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Payment in Kind by dee
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They were good men, his crew, the crew that Beckett had given him. Or, if not good, then at least obedient, and James was not going to quibble over details at this stage in the proceedings. The question of goodness was one over which he felt he was probably ill-equipped to dispense reprimands, in any case. Obedience was all he asked, and they delivered upon it. They had scarce blinked at the trails he had followed, and done naught when he'd announced he was going upstream but shake out the knucklebones to determine who'd row him.

They were reporting back to Beckett, of course. Probably not all of them, but the officers, definitely. None of his old men in his command, which made sense, because if James was in an unfamiliar place and wanting to get results as quickly as possible, he'd requisition useful men like Lieutenant Groves as well. He didn't care, in any case. Let Lord Cutler Beckett receive a full and accurate accounting of all of James Norrington's doings. James suspected that Beckett lacked the wherewithall to make sense of that accounting.

Very little of it made sense to James, after all.

But that was why he was here, leaving his ship in lagoon moorage to be rowed upriver in search of a specific bayou and its very specific inhabitant. To make sense of the insensible. Somehow.

There were lights in the jungle, and in the mist-whispered water; people watching them (or things). James knew the feel of unfriendly eyes. He had left off his uniform, not through any timidity, nor desire for guile, but simply because he made these enquiries not as an officer of His Majesty's Royal Navy, but as a confused man. It mattered. He suspected the watchers did not need the uniform to see him for what he was. He hoped they could also see that he had no interest in them and why they might be lurking here. Not this evening.

The little house looked organic, as though it had grown there instead of being built, squatting on stilts above the swamp. The boat bumped at the ladder leading up to it, and James grabbed a rung, holding steady. "You will wait in the boat," he ordered, and to their credit the men showed little relief. "If it seems prudent you may draw off a little, and I will signal you to return."

"Right you are, capt'n," the nearest oarsman said, and James swung himself up onto the ladder.

Aloft, the house seemed even more a natural thing, a cache of driftwood and other flotsam washed together and no work of man's at all. It seemed steady and sturdy, though, for all the floor echoed hollowly beneath his bootheel, and the ajar door creaked as he pushed it fully open.

It was light inside, a warm glow of lamplight with a faint sickly edge. Misshapen shadows skulked along the walls. In the centre of the room, hard to pick out against the general clutter, a woman sat at a table, its surface covered with scattered objects - chipped mugs, a dusty bottle, bundles of dried plants tied with ribbons, knucklebones, copper coins, a ship's bell. The woman was a dark centre of the bright room, and no less cluttered, with the mouldering bustle of her once-fine gown and beads weighting the matted locks of her hair. Her head was bowed over her work as her dark fingers pushed a curved needle through a tattered scrap of sailcloth.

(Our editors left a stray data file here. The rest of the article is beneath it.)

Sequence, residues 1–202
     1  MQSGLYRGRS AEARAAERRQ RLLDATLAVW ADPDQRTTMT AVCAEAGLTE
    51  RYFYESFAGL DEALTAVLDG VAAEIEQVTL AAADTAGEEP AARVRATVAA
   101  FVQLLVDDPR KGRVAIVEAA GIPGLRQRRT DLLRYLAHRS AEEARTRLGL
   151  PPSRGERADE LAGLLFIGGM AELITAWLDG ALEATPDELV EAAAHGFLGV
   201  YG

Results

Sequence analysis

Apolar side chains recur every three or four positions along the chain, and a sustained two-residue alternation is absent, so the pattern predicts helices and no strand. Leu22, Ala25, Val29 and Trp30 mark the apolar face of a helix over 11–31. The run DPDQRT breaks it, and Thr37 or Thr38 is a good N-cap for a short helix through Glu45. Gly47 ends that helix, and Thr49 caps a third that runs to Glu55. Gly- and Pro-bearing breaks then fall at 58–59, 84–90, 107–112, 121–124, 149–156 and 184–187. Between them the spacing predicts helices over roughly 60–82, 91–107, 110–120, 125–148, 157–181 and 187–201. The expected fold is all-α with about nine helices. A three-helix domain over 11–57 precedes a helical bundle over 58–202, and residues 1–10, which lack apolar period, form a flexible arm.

James pushed the door to behind him, and stepped forward with hollow steps.

She spoke first. "Such heavy tread upon my floor. What weighs you down--" She looked up, her eyes bright and dark in a tattoo-dotted face. "James Norrington?"

It would not have been hard to hear he was looking for her. He had asked people who owed more to her than to him. They would have passed it on. Her knowing his name was no surprise. "Duty," he offered.

"Duty?" She cackled. "Her a cold mistress, and not known to forgive."

"We have done moderately well together." He sounded stiff, but there was little he could do about that. No likelihood anyone would believe he was not uneasy, out of his depth, in this place, with this woman.

She laughed. "Dat so?" Pushing her sailcloth aside on the table, she stood up, the lamplight catching the memories of gold thread in her wilted finery. She grinned as she came around the table, her teeth black-stained but whole. "You know who I am, yes?"

He'd come quite some way to find her. "They call you Tia Dalma."

"Dey call me," she agreed. Tilted her head, weighing him up. James wondered what she saw. Was a time he wouldn't have had to wonder. Was a time it would have been as inconceivable for him to wonder as for him to even be standing here. "When dey want somet'ing," she continued, "dey call me. What is it you want?"

"Answers," he replied shortly.

"No," she contradicted, shaking her head slowly as though she regretted the saying of it.

James shook his more vigorously. "Yes," he insisted, taking a step forward with the floor creaking beneath him. "I need to understand. I need to make sense of what's happened."

Tia Dalma did not step back, merely tilted her chin up further to watch him. "Do you?" she challenged. "Or do you need it to make sense? Do you want to understand, or do you merely want it to be understandable? Tell me," she snapped, "do you try to tame the storm-tossed sea?"

Of course not. It would not be tamed, the sea and the sky. Could only be worked around, run before. Or it would ruin him. Had ruined him. "No," he said, voice not much above a whisper.

"No," she echoed, smile warm and welcoming as she lifted her hand to his cheek. "Sailor." On her lips, the term felt like endearment and burden both. Her hand was warm but callused, her fingertips dry upon his skin as she stroked. "You yield."